After migrating my blog from WordPress to Hugo, I wanted to find a simple solution that allowed me to mirror my blog content effortlessly to my hidden services. As Hugo is a static content generator, I didn’t have the opportunity to dynamically rewrite content on the fly by pulling the HTTP host from the current request.
Back in 2018, Patrick Volkerding mentioned that he was testing PAM and Kerberos to provide proper support for Active Directory and NFS on Slackware Linux. It seems like Mr. Volkerding has finally reached a decision.
As I was booting up my Arch Linux box, systemd informed me of a start job running for /dev/disk/by-uuid. 90 seconds later, the job timed-out and some fashionable colored messages flashed by with the speed of light.
After noticing that the majority of the .ICU spam campaigns were drying up, I headed over to Namecheap to find out which gTLD was the next likely target for abuse. Well, what do you know, Namecheap was throwing out .XYZ domains for 1$ a pop.
About half a year ago, I decided to turn off my old Gentoo instance and end my run with WordPress. My current cloud instance is running Ubuntu, and I’ve migrated (most of) my content from the old WordPress installation to Hugo.
This weekend I decided to extract the IP addresses belonging to hosts used in the ongoing .best and .icu spam campaigns. I’ve only got three weeks of logs to work with so the data set is small, but it still paints a somewhat interesting picture.
I’ve made the decision to go ahead and block another one of those pesky new gTLDs that are seemingly exclusively used by malicious actors. Email delivery from .best domains will no longer get past any spam filter under my control.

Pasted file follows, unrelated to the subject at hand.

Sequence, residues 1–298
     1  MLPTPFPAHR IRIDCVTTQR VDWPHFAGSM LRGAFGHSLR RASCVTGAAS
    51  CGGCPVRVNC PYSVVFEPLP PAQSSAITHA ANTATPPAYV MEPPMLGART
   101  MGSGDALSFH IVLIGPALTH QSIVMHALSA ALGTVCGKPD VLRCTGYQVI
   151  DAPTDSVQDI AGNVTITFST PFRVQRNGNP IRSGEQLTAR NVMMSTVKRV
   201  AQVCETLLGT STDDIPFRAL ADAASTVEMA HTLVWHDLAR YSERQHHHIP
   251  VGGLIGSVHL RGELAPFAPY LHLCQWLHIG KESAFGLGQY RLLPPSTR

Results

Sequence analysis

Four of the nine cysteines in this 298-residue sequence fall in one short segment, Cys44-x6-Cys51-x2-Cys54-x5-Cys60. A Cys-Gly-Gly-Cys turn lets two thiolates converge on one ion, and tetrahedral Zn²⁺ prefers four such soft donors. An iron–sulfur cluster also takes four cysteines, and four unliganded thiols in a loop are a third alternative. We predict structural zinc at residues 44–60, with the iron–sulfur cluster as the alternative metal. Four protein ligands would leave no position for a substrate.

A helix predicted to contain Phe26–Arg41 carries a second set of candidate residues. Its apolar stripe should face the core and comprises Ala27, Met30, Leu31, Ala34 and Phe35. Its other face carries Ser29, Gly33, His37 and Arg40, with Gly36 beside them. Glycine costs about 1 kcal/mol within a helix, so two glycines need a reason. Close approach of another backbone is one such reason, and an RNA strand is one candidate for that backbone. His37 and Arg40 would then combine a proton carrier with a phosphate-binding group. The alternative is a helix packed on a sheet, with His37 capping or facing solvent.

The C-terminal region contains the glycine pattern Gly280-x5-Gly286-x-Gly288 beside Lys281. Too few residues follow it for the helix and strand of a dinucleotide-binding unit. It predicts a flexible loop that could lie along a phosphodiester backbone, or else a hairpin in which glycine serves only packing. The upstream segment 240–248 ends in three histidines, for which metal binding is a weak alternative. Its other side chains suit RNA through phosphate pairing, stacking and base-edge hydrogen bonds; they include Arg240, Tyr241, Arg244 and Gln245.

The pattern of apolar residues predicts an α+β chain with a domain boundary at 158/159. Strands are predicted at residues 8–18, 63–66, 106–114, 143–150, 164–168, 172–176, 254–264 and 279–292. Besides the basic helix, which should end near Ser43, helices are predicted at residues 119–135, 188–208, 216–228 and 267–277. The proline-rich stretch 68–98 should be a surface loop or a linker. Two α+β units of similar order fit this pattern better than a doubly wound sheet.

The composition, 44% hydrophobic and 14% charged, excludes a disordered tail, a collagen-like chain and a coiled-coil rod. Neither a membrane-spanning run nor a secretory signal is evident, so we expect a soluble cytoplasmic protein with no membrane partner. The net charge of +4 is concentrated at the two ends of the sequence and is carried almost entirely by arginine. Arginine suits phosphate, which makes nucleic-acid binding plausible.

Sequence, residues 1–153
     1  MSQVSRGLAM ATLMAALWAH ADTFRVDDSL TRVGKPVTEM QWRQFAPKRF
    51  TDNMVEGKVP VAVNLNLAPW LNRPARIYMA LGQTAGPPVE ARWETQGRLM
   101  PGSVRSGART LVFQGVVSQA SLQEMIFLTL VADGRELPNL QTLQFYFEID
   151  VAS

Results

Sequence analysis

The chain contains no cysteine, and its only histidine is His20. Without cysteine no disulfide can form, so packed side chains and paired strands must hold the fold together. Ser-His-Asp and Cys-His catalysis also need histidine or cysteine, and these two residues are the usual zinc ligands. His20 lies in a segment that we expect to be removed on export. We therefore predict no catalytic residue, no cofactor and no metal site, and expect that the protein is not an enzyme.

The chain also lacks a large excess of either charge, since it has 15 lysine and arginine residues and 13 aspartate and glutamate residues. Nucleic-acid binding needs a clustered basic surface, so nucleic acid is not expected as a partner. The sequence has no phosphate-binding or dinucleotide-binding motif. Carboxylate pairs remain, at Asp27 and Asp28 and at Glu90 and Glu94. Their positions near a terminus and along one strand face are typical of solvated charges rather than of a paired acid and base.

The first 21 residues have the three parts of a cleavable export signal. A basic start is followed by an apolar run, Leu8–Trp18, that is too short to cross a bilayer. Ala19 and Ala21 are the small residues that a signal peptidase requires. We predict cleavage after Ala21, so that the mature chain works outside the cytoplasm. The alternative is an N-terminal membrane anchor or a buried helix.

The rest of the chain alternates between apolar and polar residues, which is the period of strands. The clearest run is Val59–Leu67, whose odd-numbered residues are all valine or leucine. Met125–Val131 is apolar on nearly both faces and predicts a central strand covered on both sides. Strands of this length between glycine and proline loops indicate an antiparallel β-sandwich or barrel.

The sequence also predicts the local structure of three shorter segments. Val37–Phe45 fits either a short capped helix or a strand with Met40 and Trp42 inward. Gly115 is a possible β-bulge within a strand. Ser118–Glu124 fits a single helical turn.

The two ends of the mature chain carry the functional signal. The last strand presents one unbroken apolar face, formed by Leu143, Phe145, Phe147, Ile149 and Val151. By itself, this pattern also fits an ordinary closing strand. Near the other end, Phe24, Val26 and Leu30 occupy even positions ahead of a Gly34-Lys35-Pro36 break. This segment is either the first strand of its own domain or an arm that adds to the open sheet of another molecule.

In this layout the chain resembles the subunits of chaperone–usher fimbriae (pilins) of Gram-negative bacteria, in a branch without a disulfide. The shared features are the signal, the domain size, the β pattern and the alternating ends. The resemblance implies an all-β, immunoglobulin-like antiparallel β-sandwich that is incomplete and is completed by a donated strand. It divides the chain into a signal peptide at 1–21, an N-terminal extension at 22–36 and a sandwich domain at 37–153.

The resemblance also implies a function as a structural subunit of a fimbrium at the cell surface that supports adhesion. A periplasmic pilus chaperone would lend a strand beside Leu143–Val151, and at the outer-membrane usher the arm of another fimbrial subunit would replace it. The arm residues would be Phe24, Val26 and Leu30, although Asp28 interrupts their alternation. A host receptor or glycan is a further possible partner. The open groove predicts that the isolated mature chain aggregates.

The Brave Browser is on a mission to fix the web and has been gathering a lot of praise and attention from tech and crypto enthusiasts alike. Brave will diligently protect your privacy by removing intrusive ads and trackers from websites while offering you to view ads delivered through their advertising platform instead.
As a managed service provider (MSP) we’re using an off the shelf remote monitoring and management (RMM) platform. Recently, and just for curiosity’s sake, I decided to take a closer look at the Linux agent offered by this platform. I’ll admit to being somewhat shell-shocked when I discovered that the installer had Slackware Linux on the list of supported distributions.
Yesterday, my Scaleway hosted VPS was scheduled for migration to another physical server. According to Scaleway, the expected downtime was only a few minutes. The maintenance was scheduled to begin at 10:00 UTC, so I was expecting the server to be available when I tried to connect over SSH at 11:30 UTC. Unfortunately, there was no sign of life to be found.